Use this URL to cite or link to this record in EThOS: http://ethos.bl.uk/OrderDetails.do?uin=uk.bl.ethos.565127
Title: Politics and the bomb : exploring the role of epistemic communities in nuclear non-proliferation outcomes
Author: Kutchesfahani, S. Z.
Awarding Body: University College London (University of London)
Current Institution: University College London (University of London)
Date of Award: 2010
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Abstract:
The role of epistemic communities in influencing policy formulation is underexplored in International Relations theory in general and in nuclear non-proliferation studies in particular. This thesis explores how epistemic communities – groups of experts knowledgeable in niche issue areas – have affected nuclear non-proliferation policy formulation in two important and under-studied cases: the Brazilian-Argentine Agency for Accounting and Control of Nuclear Materials (ABACC) and the Nunn-Lugar Cooperative Threat Reduction (CTR) Program. It demonstrates that applying an epistemic community approach provides explanatory power heretofore lacking in explanations of these cases’ origins. The thesis applies the epistemic community framework to non-proliferation, using Haas’ (1992) seminal exploration of epistemic communities in the context of natural scientific and environmental policies. Specifically, it analyses the creation and successful implementation of ABACC and the CTR Program, which, respectively, verified the non-nuclear weapon status of Argentina and Brazil and facilitated the denuclearisation of Belarus, Kazakhstan, and Ukraine. These cooperative nuclear non-proliferation agreements are shown to be the result of a process involving substantial input and direction from experts constituting epistemic communities. The thesis explores the differences in the emergence, composition, and influence mechanisms of the epistemic communities behind ABACC and the CTR Program. It reaches the conclusion that understanding the role of an epistemic community in non-proliferation policies leads to the possibility of creating more effective non-proliferation policies in the future.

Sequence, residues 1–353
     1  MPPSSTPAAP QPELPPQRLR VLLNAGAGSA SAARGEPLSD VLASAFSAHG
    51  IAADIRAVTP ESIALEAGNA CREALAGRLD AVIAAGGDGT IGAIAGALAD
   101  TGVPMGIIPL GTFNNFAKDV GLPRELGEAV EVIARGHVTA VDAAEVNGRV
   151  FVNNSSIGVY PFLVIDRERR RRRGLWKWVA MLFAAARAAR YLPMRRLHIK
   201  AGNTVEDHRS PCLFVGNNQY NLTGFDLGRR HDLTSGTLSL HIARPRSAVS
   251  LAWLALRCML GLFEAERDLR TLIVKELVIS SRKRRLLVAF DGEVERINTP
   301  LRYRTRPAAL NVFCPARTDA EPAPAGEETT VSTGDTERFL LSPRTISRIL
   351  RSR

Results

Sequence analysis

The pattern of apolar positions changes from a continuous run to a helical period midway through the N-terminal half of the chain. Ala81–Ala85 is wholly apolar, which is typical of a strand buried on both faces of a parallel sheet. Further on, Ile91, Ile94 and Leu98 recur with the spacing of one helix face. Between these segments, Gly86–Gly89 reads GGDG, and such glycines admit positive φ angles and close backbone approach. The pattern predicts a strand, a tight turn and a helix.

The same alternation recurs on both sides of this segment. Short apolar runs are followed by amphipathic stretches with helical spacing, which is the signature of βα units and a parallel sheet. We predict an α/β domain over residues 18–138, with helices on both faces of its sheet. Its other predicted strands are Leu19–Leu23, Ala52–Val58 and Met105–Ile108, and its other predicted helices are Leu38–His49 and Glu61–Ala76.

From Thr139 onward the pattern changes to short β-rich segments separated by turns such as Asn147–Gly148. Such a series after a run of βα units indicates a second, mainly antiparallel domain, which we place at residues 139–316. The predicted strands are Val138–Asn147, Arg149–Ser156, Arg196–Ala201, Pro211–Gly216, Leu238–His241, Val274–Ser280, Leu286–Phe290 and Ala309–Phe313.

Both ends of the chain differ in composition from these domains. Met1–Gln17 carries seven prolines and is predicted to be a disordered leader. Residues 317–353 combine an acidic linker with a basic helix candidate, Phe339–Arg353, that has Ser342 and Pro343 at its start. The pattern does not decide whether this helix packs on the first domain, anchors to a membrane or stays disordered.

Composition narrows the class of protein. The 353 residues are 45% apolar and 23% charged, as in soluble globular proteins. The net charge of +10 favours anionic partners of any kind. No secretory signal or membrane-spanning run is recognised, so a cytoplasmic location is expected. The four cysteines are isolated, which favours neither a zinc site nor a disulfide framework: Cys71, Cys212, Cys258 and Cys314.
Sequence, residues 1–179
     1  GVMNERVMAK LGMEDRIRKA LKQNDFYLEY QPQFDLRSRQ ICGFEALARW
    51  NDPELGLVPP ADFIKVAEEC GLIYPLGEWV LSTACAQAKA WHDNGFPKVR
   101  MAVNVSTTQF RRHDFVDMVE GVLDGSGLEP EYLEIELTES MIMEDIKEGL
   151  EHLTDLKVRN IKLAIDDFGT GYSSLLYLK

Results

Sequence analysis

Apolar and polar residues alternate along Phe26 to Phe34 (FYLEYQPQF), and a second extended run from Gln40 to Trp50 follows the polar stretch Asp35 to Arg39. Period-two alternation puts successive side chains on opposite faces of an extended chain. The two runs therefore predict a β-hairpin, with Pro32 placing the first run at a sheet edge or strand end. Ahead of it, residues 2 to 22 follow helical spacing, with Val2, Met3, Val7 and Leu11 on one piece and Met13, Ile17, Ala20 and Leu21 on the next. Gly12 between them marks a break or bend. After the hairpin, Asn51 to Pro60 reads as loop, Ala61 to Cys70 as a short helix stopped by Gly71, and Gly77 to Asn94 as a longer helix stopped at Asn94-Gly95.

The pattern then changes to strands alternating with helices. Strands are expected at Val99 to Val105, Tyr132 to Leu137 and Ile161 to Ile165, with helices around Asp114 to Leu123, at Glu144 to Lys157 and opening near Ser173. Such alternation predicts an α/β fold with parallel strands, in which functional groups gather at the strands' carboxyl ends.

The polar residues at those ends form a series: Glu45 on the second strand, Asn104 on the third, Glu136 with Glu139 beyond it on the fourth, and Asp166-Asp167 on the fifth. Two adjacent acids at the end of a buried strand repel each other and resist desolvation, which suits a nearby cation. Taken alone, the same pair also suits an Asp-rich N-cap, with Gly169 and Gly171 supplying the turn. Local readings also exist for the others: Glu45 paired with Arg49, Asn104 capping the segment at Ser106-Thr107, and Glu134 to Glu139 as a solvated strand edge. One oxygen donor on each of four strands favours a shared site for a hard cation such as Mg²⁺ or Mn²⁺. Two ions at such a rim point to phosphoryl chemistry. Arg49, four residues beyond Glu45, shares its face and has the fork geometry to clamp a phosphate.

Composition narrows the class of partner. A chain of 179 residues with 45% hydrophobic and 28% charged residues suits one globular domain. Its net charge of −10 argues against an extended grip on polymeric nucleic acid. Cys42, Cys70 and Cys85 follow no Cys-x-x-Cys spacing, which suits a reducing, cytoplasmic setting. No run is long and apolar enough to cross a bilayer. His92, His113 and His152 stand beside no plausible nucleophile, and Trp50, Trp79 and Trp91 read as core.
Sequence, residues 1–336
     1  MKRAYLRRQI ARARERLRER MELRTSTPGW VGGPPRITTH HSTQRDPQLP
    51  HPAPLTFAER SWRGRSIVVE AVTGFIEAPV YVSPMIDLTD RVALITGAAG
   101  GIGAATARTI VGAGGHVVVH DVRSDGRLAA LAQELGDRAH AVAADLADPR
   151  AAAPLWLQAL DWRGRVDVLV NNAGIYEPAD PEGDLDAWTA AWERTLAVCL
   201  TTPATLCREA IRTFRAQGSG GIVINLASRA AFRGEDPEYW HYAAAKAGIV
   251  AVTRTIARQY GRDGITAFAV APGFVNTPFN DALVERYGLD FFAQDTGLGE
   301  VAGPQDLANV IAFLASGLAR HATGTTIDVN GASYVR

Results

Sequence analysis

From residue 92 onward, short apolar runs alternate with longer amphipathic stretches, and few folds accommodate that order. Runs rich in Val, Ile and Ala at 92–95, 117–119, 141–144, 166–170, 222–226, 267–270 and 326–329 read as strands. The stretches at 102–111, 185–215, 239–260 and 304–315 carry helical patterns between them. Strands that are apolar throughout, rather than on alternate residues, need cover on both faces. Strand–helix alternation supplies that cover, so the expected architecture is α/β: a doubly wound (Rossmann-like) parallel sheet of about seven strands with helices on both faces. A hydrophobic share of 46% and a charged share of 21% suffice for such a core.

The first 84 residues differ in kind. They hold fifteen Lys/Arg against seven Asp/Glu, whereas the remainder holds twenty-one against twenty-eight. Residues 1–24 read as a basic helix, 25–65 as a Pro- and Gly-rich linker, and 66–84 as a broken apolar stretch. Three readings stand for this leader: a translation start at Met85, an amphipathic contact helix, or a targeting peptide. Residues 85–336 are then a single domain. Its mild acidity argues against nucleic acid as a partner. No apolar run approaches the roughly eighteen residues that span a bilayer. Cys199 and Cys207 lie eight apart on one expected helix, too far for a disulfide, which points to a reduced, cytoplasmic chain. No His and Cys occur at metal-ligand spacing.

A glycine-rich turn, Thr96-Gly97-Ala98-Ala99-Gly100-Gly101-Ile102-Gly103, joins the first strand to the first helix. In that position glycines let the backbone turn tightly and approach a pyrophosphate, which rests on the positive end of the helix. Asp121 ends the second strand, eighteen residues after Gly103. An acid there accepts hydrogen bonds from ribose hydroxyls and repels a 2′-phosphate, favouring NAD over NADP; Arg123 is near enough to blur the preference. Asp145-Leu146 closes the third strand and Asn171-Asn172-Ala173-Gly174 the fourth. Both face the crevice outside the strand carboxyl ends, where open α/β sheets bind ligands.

Supervisor: Not available Sponsor: Not available
Qualification Name: Thesis (Ph.D.) Qualification Level: Doctoral
EThOS ID: uk.bl.ethos.565127  DOI: Not available
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